CTV News – The Ontario government announced new rules to improve the safety for the province’s 29,000 mining workers. The new rules will improve ventilation requirements underground and lower the exposure limit to harmful diesel exhaust to the most protective levels in North America. Changes to the rules will also allow for the use of track mounted robots in mines. The changes come in response to calls from unions asking for diesel particulate exposure to be reduced for underground workers, and also from recommendations from the Final report: mining health, safety and prevention review produced by the Office of the Chief Prevention Officer, and 2022 coroner’s inquests.
Consequences of changing Canadian activity patterns since the COVID-19 pandemic include increased residential radon gas exposure for younger people
Scientific Reports – The COVID-19 pandemic produced widespread behaviour changes that shifted how people split their time between different environments. The authors report an update of North American activity patterns pre- and post-pandemic, and implications to radon gas exposure, a leading cause of lung cancer. A survey was conducted with 4,009 Canadian households. Overall time spent indoors remained unchanged, but time in primary residence increased from 66.4 to 77% of life (+ 1062 h/y) after pandemic onset, increasing annual radiation doses from residential radon by 19.2% (0.97 mSv/y). Greater changes were experienced by younger people in newer urban or suburban properties, and those employed in managerial, administrative, or professional roles. This work supports re-evaluating environmental health risks modified by still-changing activity patterns.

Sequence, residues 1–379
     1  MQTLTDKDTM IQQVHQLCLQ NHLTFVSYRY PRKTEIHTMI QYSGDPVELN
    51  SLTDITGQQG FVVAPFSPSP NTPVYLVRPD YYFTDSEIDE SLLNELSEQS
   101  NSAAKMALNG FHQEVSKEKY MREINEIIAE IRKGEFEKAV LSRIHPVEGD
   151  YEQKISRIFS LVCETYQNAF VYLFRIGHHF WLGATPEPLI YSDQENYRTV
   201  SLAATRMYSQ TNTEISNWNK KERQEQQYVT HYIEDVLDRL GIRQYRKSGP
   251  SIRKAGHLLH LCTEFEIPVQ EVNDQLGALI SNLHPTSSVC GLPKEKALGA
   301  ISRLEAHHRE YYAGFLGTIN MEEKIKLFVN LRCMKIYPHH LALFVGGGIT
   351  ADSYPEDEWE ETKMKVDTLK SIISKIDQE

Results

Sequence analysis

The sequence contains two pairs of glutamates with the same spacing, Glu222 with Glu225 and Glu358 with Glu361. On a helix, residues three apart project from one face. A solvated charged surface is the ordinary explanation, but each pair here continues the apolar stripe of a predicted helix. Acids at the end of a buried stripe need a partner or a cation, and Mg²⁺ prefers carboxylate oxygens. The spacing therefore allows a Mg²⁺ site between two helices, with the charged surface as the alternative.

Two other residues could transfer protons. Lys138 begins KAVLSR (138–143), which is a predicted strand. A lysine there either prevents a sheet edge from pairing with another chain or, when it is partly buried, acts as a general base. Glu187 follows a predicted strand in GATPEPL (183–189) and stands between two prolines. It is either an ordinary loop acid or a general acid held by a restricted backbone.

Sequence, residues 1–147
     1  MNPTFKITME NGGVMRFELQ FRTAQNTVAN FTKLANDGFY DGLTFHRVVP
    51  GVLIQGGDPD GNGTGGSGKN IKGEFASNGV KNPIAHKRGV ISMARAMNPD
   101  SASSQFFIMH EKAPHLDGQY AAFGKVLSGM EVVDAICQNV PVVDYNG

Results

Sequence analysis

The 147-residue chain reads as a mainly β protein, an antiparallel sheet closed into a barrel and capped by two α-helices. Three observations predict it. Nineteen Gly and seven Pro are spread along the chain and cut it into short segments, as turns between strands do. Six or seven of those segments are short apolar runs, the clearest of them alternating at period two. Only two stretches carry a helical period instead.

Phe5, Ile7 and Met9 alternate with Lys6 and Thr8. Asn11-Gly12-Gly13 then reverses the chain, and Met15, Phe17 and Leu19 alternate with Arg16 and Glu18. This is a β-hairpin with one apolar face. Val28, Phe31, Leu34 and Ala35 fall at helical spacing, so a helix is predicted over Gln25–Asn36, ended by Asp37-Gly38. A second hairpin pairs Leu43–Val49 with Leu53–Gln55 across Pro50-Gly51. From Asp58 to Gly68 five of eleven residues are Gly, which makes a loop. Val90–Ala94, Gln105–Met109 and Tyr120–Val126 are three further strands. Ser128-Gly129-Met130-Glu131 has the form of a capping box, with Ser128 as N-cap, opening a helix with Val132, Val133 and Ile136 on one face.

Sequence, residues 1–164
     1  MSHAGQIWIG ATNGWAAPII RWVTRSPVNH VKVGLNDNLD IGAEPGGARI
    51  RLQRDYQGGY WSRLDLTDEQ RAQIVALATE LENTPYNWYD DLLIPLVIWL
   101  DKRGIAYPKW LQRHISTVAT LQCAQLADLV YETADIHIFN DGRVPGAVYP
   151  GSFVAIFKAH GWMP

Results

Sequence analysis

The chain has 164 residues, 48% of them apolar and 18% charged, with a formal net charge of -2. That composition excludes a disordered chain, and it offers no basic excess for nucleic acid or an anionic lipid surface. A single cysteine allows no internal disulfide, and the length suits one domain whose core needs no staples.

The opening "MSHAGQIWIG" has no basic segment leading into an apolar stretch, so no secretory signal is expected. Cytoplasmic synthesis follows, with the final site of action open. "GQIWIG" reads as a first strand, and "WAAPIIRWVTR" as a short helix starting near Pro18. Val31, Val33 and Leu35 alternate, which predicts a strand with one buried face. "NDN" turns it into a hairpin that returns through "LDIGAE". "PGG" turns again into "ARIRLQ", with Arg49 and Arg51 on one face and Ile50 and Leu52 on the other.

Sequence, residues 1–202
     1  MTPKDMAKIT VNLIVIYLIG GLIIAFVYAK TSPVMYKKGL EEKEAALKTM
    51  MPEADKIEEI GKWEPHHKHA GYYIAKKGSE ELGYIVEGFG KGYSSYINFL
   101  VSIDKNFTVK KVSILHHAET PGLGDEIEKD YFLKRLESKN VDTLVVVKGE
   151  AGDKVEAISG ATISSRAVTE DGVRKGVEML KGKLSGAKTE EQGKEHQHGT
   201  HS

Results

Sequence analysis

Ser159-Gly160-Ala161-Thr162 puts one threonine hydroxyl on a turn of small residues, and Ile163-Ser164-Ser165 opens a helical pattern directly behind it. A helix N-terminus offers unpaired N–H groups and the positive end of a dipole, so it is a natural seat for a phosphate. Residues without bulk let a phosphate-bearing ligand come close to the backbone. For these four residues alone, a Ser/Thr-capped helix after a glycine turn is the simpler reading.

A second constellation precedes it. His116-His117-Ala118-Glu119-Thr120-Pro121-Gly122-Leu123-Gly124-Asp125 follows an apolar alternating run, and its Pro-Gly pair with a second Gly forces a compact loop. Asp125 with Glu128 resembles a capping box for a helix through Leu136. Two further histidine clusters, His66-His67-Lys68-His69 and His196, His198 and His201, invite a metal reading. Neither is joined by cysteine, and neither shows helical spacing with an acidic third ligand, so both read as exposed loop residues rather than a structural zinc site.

Face-to-face with scorching wildfire: potential toxicant exposure and the health risks of smoke for wildland firefighters at the wildland-urban interface
The Lancet Regional Health – As wildfire risks have elevated due to climate change, the health risks that toxicants from fire smoke pose to wildland firefighters have been exacerbated. Recently, the International Agency for Research on Cancer (IARC) has reclassified wildland firefighters’ occupational exposure as carcinogenic to humans (Group 1). Wildfire smoke contributes to an increased risk of cancer and cardiovascular disease, yet wildland firefighters have inadequate respiratory protection. This review focuses on four aspects of wildland firefighters’ health risks at the wildland-urban interface: economic costs and human impact, respiratory protection, multipollutant mixtures, and proactive management of wildfires.